Compulsory exams and the "false gods" of "quick-fix celebrity culture" are putting children off learning foreign languages, according to the new president of the Girls' Schools Association.
Helen Wright, head of St Mary's School in Calne, Wiltshire, said society's obsession with "15 minutes of fame" had made language learning appear to be a difficult path for young people to follow.
But Dr Wright, an Oxford languages graduate, is strongly opposed to foreign languages being made compulsory at GCSE and has instead called for less formal opportunities to learn.
Her comments follow education secretary Michael Gove's suggestion that a review of the national curriculum, launched last week, could "leave the door open" to pupils being compelled to study languages until the age of 16. A modern or classical language is also now part of the new English Baccalaureate.
Dr Wright said: "I believe everyone should learn a language before the age of 18. The question is when, how, to what end? I'm not convinced there needs to be a GCSE.
"Teaching a language from a very early age is fantastic, or you could run optional courses in the sixth-form. I'm not sure the aim for everybody needs to be to pass a GCSE, otherwise we are shoehorning individuals into moulds."
Dr Wright, whose own pupils learn Mandarin in Years 7 and 8 and can study three languages by Year 9, welcomed the Government's decision to include them in the EBac, but added: "I understand the principle of the English Bac, but not everyone is going to thrive on these subjects.
"Everybody should have a modern language but it's not necessary to have a GCSE. The focus on assessment squeezes people into a certain way of being."
Equally, she said it would be wrong to compel primaries to offer languages. "It would be amazing if every primary school child could have the experience ... But making things compulsory makes things dull and hard. We need entitlements and opportunities.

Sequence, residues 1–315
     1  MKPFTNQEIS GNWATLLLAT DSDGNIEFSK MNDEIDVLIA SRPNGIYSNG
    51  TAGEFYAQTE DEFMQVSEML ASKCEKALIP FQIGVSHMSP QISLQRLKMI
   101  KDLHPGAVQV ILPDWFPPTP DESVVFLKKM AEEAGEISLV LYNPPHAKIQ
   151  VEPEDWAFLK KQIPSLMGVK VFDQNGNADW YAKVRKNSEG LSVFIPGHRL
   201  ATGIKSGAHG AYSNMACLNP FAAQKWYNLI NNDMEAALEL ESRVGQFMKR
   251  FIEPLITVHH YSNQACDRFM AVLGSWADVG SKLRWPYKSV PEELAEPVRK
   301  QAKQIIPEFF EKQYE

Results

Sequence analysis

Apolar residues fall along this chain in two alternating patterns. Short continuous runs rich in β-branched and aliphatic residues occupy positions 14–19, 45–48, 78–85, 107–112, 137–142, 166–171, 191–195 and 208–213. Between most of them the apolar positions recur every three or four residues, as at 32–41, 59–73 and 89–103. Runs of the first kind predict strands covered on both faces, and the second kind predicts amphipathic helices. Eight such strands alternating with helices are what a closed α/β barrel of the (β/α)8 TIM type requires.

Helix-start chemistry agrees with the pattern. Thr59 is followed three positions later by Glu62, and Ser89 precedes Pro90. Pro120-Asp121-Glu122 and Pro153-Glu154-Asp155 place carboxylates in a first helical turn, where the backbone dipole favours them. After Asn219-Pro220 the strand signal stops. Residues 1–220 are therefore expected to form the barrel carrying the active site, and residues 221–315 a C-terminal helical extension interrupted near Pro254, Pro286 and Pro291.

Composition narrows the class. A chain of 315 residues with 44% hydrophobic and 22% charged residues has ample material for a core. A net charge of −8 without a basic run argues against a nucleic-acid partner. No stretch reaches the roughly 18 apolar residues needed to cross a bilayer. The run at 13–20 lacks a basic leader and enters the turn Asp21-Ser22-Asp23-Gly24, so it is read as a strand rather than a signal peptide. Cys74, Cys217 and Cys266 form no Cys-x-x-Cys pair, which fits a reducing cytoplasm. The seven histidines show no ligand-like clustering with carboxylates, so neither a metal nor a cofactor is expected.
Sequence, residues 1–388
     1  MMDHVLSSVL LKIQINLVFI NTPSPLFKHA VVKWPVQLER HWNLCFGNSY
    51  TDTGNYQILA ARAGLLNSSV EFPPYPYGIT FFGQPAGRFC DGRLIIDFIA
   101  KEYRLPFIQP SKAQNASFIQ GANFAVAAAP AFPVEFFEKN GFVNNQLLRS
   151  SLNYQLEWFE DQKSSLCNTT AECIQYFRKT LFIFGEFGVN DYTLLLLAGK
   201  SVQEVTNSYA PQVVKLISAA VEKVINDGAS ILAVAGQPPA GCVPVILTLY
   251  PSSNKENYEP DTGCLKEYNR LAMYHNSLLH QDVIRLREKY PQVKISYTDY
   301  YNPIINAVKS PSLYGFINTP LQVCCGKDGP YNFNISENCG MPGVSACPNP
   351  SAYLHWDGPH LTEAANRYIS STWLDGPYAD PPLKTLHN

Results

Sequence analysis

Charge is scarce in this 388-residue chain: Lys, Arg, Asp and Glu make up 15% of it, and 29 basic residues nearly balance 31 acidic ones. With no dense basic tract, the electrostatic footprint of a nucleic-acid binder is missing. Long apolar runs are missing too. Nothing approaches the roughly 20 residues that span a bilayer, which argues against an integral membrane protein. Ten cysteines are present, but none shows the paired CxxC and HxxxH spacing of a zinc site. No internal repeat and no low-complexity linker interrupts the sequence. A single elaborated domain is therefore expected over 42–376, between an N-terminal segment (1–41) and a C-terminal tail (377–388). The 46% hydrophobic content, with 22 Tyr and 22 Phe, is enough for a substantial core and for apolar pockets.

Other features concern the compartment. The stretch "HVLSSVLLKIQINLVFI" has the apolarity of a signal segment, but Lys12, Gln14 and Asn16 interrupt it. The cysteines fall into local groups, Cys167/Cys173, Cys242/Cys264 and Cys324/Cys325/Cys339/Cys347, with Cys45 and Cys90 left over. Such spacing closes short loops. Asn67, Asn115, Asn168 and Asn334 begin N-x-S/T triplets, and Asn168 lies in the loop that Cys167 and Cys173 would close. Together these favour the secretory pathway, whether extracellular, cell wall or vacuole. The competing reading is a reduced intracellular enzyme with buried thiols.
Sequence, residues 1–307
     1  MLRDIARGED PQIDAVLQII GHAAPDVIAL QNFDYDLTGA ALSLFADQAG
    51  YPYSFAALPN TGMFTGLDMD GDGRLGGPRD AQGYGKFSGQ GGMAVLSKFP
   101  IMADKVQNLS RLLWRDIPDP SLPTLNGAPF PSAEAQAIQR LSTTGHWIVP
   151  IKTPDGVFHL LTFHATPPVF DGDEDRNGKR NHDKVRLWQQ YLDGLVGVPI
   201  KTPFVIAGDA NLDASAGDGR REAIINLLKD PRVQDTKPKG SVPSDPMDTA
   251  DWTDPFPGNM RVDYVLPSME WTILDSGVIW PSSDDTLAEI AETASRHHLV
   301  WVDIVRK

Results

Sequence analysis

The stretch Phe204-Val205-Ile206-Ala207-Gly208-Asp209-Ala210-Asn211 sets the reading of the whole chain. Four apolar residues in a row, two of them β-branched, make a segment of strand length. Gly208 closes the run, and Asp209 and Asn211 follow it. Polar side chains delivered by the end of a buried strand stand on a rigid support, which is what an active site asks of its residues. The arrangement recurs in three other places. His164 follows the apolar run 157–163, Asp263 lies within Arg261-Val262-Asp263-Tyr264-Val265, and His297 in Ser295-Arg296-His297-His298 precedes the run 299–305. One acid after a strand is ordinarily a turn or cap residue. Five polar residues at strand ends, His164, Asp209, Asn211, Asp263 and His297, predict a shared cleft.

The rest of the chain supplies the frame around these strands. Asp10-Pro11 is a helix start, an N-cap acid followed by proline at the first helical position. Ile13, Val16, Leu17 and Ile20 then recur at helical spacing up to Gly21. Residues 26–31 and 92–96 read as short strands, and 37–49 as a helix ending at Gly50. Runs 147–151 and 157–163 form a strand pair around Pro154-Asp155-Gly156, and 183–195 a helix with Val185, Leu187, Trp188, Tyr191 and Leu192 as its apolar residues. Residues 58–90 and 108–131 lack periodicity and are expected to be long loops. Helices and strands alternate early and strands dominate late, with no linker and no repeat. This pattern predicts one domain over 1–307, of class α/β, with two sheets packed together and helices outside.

"I would like to think that primary heads could make this happen and would be queuing up to do it, but the Government needs to focus on getting people in there."
The Labour government lifted the requirement for all pupils to study a language at GCSE in 2004, leading to a slump in take-up.
But Dr Wright blamed the influence of wider society and an obsession with celebrities for contributing to the decline in language learning.
"Languages are perceived as hard and they are indeed rigorous," she said. "Maybe too much of society is about quick-fix celebrity culture, lottery winners, 15 minutes of fame.
"When you are sitting in a classroom working through something rigorously, it seems harder. We need to encourage, motivate and inspire. We need to combat the false gods of celebrity culture.
"It's not the sheer amount with languages, as science is endless, too -it's about the 'why'. People say, 'What's the sense of all this?' For people who haven't gone outside their own town, why would they be motivated?"
Bernadette Holmes, president elect of the Association for Language Learning, said she would welcome languages becoming statutory in schools and agreed that assessment should be flexible and diverse.
She said: "We are very keen to support coherent pathways through primary, secondary and on to university. We are keen for the curriculum review to explore a range of accreditations to suit learners' interests, to explore appropriate learning options."
- The GSA's guide to bringing up girls, Your Daughter, will be published next month
HELEN WRIGHT CV
James Gillespie's High School, Edinburgh.
Graduated from Oxford University in modern and medieval languages.
MA in applied linguistics, Leicester University.
EdD (Understanding Moral Leadership in Schools), Exeter University.
1993: French and German teacher, Reed's School, Surrey.
1995: Head of German, Bishop's Stortford College, Hertfordshire.
1997: Head of German, St Edward's School, Oxford.
2000: Deputy head, then head, Heathfield School, Ascot.
2003: Head of St Mary's School, Calne, Wiltshire.